Technology is creating groundbreaking opportunities, but it also threatens the nature of work itself.
Artificial intelligence is becoming increasingly part of many industries. According to Mckinsey Global Institute, 30 million jobs will be automated by 2030, and 82 per cent of Americans express concerns about the effects of automation.
One of the industries that have been severely affected by the effects of automation is the automotive industry. Driving is one of the most common jobs in 29 of the US states with three per cent of the US population working as drivers. Given that self-driving cars are already operating successfully, what will happen with the considerable workforce that will be left without occupation in the next decade? This situation extends to the customer service industry. Moreover, it’s not only blue collar jobs that will be eliminated by automation. Doctors, accountants, tax advisors that historically have been safe are at risks. AI assistants like Siri and Alexa have taken over secretarial and administrative work. We need to start thinking about what will happen when large white collar jobs are displaced.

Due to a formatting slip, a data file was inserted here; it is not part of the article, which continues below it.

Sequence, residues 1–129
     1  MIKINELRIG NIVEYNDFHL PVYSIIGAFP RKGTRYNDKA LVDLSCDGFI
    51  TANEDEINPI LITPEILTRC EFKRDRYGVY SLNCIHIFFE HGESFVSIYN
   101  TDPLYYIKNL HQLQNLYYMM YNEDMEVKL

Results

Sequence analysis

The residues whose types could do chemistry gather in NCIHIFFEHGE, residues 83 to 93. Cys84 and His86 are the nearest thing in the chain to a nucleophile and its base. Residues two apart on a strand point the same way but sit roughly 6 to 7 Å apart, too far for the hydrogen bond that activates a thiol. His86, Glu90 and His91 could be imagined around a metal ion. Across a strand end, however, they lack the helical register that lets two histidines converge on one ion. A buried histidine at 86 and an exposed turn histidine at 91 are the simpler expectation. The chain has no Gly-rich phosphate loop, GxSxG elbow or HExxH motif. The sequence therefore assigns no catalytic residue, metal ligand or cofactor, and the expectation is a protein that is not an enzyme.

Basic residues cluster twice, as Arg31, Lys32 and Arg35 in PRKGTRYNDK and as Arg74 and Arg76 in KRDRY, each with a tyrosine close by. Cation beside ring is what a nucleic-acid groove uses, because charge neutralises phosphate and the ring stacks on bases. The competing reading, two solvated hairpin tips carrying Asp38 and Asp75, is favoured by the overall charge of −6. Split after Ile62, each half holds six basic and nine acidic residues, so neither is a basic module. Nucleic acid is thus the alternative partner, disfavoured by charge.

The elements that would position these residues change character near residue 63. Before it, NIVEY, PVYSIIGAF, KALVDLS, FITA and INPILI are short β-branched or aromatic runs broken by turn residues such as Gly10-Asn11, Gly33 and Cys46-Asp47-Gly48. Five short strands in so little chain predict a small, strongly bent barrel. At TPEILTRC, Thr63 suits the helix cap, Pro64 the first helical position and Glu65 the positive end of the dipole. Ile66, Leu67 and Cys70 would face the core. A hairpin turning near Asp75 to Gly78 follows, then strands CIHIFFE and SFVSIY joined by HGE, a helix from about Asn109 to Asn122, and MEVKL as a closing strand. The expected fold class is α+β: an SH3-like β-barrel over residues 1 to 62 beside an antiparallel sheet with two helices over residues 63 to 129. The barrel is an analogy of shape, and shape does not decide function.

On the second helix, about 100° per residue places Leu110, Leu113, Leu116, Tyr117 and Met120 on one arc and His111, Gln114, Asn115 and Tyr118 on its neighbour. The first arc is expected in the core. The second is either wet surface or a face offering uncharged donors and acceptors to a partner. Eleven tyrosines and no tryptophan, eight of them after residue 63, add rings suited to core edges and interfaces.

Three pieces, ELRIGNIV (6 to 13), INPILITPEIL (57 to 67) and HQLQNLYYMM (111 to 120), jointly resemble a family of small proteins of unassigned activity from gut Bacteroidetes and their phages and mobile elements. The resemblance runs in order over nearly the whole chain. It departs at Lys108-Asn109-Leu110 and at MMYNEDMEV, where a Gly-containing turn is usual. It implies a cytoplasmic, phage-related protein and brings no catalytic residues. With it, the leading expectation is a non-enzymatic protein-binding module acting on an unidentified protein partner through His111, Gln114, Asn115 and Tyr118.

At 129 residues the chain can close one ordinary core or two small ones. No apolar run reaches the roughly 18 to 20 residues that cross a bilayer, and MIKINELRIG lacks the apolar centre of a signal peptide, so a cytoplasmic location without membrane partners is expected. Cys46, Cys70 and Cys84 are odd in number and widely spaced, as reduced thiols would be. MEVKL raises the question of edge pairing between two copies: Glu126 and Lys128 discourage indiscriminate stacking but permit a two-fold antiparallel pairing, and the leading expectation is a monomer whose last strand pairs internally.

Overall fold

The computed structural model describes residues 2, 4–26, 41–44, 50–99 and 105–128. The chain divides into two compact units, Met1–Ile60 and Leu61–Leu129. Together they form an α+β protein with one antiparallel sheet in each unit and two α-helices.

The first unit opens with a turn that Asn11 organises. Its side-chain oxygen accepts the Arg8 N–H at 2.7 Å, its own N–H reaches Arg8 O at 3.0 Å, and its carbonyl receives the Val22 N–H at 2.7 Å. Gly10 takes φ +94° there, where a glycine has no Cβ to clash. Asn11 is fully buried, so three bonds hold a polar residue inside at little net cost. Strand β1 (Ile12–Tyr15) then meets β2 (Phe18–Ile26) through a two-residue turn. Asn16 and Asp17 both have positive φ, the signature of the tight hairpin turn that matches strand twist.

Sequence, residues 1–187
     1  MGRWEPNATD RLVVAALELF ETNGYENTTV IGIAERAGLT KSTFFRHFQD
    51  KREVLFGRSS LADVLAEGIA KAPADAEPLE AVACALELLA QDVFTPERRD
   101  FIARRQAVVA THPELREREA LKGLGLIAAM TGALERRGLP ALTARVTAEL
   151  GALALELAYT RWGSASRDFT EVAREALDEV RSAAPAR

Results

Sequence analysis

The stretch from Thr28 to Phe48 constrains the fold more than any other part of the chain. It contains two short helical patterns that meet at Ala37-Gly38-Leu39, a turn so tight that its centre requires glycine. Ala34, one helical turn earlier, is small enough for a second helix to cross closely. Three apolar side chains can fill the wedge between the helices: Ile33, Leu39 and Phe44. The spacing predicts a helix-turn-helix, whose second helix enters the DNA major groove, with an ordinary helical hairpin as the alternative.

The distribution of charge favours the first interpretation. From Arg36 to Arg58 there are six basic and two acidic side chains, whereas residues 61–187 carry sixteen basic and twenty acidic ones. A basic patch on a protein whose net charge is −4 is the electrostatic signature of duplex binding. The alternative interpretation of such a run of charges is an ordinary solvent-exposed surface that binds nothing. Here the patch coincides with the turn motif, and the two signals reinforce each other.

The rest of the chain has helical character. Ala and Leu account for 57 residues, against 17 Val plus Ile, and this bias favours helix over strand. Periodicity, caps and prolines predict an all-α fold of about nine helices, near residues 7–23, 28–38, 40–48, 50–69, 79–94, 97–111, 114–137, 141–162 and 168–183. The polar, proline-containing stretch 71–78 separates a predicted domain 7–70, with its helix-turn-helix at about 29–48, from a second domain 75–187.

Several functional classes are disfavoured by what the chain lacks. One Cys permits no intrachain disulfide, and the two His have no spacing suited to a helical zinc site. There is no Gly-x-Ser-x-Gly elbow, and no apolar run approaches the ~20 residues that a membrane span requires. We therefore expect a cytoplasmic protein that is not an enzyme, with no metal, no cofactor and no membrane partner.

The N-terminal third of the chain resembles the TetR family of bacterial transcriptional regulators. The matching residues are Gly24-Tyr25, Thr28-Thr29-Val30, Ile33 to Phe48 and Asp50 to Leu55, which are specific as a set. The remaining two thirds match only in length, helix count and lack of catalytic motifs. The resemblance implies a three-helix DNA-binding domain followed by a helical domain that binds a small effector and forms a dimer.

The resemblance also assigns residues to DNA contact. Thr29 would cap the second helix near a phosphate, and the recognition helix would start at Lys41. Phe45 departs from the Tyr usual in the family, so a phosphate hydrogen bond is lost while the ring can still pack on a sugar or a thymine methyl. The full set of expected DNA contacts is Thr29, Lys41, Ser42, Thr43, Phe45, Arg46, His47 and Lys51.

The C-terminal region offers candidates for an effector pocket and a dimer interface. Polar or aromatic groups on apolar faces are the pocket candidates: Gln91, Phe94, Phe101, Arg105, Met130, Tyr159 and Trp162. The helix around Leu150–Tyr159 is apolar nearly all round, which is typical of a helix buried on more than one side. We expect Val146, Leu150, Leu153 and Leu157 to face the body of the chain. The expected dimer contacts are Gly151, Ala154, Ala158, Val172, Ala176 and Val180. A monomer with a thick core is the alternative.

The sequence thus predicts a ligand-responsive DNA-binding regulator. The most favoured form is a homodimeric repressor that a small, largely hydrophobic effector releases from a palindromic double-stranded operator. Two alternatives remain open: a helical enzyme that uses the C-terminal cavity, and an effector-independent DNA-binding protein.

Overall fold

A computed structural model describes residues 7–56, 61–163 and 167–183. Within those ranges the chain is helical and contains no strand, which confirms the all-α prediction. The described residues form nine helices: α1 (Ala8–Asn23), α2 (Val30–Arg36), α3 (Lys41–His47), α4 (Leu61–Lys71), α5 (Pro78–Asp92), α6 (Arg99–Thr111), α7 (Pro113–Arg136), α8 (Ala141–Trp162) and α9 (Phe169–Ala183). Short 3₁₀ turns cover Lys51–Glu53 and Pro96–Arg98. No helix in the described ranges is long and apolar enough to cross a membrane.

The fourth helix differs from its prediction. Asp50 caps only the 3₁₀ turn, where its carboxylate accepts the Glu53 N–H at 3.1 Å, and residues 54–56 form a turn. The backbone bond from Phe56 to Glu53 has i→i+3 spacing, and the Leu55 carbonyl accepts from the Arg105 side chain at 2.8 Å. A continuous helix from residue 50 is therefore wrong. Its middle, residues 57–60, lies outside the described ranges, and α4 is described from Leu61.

Adaptability is one of the keywords in the workplace of the future. Employees will have to engage in the process of continuous learning to acquire the necessary skills to work together in the new digital era and see technology as an ally, not a threat.
The negative effects of automation can be diminished if governments and policymakers are aware of the changes that are happening and create programs to re-skill and reintegrate workers. Contrary to what most people think, AI will make businesses more efficient which in turn will create more jobs. What will happen is a reconfiguration of jobs. We’ll let robots do jobs that are repetitive, unsafe and boring while people will continue to inhabit the positions that require creativity, empathy and human connection.